[afripv6-discuss] What are the benefits of IPv6 over IPv4

Heinrich Strauss heinrich at hstrauss.co.za
Sun Jun 3 21:05:10 SAST 2012

Hi, Kondwani.

On 2012/06/03 19:44, Kondwani C. Hara wrote:
> While direct communication seems a good idea, direct communication 
> exposes devices to direct attack. Where NAT existed, it was easier to 
> limit the attacks by opening up to the public only services that are 
> accessible to the public.
> Linux or most Unix machines operating as servers, are hardened against 
> remote attacks. Workstations are hardened against local access. 
> Putting these on ipv6 will leave many workstations very vulnerable.
> The attacks on smartphones especially Android, seem to have been worse 
> and difficult to manage due the little attention on security they 
> might have received owing to the fact that its still work in progress.
> Exposing these to the chainability of ipv6 is really a Security disaster.
> That's a big bug ipv6 has.
Remember that NATv4 is only perceived security; there have been 
advancements since its initial inception that tear holes through this 
perceived security veil quite invisibly to users (e.g. UPnP), which is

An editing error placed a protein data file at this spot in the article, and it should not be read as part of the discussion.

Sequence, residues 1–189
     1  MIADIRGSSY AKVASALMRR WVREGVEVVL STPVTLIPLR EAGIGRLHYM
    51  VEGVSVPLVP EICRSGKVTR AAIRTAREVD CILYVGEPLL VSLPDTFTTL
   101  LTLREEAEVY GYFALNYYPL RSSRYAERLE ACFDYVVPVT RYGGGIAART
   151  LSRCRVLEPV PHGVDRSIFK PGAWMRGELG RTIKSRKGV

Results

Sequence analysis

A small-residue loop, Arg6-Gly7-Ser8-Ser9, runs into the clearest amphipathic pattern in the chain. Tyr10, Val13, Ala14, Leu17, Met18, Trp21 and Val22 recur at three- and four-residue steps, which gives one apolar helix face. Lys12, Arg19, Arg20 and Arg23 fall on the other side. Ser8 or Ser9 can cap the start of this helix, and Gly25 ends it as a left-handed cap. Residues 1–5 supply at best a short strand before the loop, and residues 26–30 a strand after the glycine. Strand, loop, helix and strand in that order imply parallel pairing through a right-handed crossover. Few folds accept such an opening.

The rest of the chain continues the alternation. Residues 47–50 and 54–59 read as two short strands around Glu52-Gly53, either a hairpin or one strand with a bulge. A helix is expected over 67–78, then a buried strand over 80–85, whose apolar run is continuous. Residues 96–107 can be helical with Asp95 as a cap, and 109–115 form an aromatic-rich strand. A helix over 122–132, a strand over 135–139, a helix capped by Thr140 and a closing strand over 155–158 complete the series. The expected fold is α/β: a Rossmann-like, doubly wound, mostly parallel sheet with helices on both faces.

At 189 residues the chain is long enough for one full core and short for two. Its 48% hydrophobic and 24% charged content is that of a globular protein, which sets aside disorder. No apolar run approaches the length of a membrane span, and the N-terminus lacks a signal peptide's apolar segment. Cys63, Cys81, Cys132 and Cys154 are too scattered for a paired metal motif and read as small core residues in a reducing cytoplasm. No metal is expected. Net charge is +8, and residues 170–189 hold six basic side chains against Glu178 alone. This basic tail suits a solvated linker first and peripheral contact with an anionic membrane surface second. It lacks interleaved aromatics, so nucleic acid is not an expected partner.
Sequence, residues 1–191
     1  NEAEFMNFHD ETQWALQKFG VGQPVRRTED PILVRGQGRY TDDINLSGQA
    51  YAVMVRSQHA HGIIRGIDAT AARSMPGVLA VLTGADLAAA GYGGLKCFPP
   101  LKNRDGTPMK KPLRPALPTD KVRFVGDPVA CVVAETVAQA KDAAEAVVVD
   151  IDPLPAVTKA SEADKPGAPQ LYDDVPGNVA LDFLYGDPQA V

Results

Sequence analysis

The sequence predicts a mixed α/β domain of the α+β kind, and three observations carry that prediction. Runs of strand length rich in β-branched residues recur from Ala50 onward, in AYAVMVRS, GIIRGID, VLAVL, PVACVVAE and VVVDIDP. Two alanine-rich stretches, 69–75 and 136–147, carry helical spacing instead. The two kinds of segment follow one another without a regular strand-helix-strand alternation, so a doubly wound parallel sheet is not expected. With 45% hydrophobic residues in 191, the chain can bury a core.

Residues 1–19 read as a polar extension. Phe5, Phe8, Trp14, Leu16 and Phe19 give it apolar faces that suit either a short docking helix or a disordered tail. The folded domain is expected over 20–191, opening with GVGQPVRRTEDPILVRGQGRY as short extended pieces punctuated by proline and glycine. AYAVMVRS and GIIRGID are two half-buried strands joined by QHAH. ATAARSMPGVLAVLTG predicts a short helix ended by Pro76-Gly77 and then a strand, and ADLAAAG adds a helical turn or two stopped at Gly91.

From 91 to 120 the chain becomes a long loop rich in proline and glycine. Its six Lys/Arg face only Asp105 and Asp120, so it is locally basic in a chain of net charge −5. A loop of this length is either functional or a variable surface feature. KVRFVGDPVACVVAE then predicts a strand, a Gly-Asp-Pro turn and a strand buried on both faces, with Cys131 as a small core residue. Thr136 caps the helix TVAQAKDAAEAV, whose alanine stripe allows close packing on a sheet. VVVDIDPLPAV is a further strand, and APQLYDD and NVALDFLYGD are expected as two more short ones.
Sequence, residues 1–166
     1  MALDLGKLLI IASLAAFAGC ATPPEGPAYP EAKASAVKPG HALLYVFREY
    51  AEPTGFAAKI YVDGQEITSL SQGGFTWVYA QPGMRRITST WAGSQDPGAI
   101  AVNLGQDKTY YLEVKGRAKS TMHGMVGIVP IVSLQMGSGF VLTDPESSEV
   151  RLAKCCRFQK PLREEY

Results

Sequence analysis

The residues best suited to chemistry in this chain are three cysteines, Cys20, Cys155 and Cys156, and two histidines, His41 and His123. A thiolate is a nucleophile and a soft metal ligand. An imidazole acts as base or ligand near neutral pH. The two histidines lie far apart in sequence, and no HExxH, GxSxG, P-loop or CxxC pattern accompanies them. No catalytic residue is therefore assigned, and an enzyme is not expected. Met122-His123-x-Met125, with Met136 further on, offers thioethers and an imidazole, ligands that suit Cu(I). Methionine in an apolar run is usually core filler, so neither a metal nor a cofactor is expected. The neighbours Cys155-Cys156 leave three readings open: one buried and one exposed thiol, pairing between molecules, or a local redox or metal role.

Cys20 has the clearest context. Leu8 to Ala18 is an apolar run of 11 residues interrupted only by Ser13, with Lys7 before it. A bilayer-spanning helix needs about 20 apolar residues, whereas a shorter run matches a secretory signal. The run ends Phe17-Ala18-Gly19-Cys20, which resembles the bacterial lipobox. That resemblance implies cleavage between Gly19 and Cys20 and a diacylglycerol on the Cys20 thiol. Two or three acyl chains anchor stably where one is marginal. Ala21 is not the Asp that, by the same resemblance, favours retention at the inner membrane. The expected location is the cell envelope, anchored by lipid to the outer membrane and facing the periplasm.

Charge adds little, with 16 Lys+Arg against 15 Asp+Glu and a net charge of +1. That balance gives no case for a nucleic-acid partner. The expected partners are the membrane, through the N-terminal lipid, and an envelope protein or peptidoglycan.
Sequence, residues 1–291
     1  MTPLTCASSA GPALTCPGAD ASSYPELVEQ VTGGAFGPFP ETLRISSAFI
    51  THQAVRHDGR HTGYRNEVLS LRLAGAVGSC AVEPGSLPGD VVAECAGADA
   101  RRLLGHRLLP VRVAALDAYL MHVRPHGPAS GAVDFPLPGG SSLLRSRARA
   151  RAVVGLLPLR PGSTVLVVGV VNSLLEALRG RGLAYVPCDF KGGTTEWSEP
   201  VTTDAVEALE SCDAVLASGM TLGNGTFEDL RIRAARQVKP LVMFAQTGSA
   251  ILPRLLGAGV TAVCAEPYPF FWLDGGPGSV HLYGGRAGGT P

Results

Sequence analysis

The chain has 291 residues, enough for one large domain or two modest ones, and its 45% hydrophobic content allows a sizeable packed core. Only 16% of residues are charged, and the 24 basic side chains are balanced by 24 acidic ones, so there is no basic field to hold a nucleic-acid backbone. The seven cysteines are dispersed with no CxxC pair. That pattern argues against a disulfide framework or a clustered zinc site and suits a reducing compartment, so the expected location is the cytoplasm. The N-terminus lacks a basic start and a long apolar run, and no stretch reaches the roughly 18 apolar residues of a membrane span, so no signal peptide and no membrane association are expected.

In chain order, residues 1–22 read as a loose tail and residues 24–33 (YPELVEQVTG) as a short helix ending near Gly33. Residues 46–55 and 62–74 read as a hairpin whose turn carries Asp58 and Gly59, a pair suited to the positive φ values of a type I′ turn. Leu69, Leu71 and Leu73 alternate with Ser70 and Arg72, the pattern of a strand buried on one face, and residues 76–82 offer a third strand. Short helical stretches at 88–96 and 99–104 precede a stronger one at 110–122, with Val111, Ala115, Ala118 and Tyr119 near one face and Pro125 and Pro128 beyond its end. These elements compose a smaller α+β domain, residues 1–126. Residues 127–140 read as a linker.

an even bigger security risk, IMO. A big eye-opener was a Defcon18 talk 
"How I Met Your Girlfriend" [1] by Samy Kamkar.

For your servers, nothing prevents a sweeping policy like:
     For the servers' /64, drop anything that's not HTTP, HTTPS, SMTP to 
mailservers, etc

on the border of your network (with a firewall or access-list) and then 
routing that to servers or more firewalls.

If clients (who are supposed to get IPv6 allocations) are not known to 
be responsible (read: easily bot-infected), notify them of your policy 
(law-permitting) and filter outbound SMTP from their networks until they 
request it be re-enabled and accept responsibility for the potential 
network abuse.

NAT was not intended to be a firewall-replacement; that's just a 
side-effect! ;)


[1] http://www.youtube.com/watch?v=fEmO7wQKCMw

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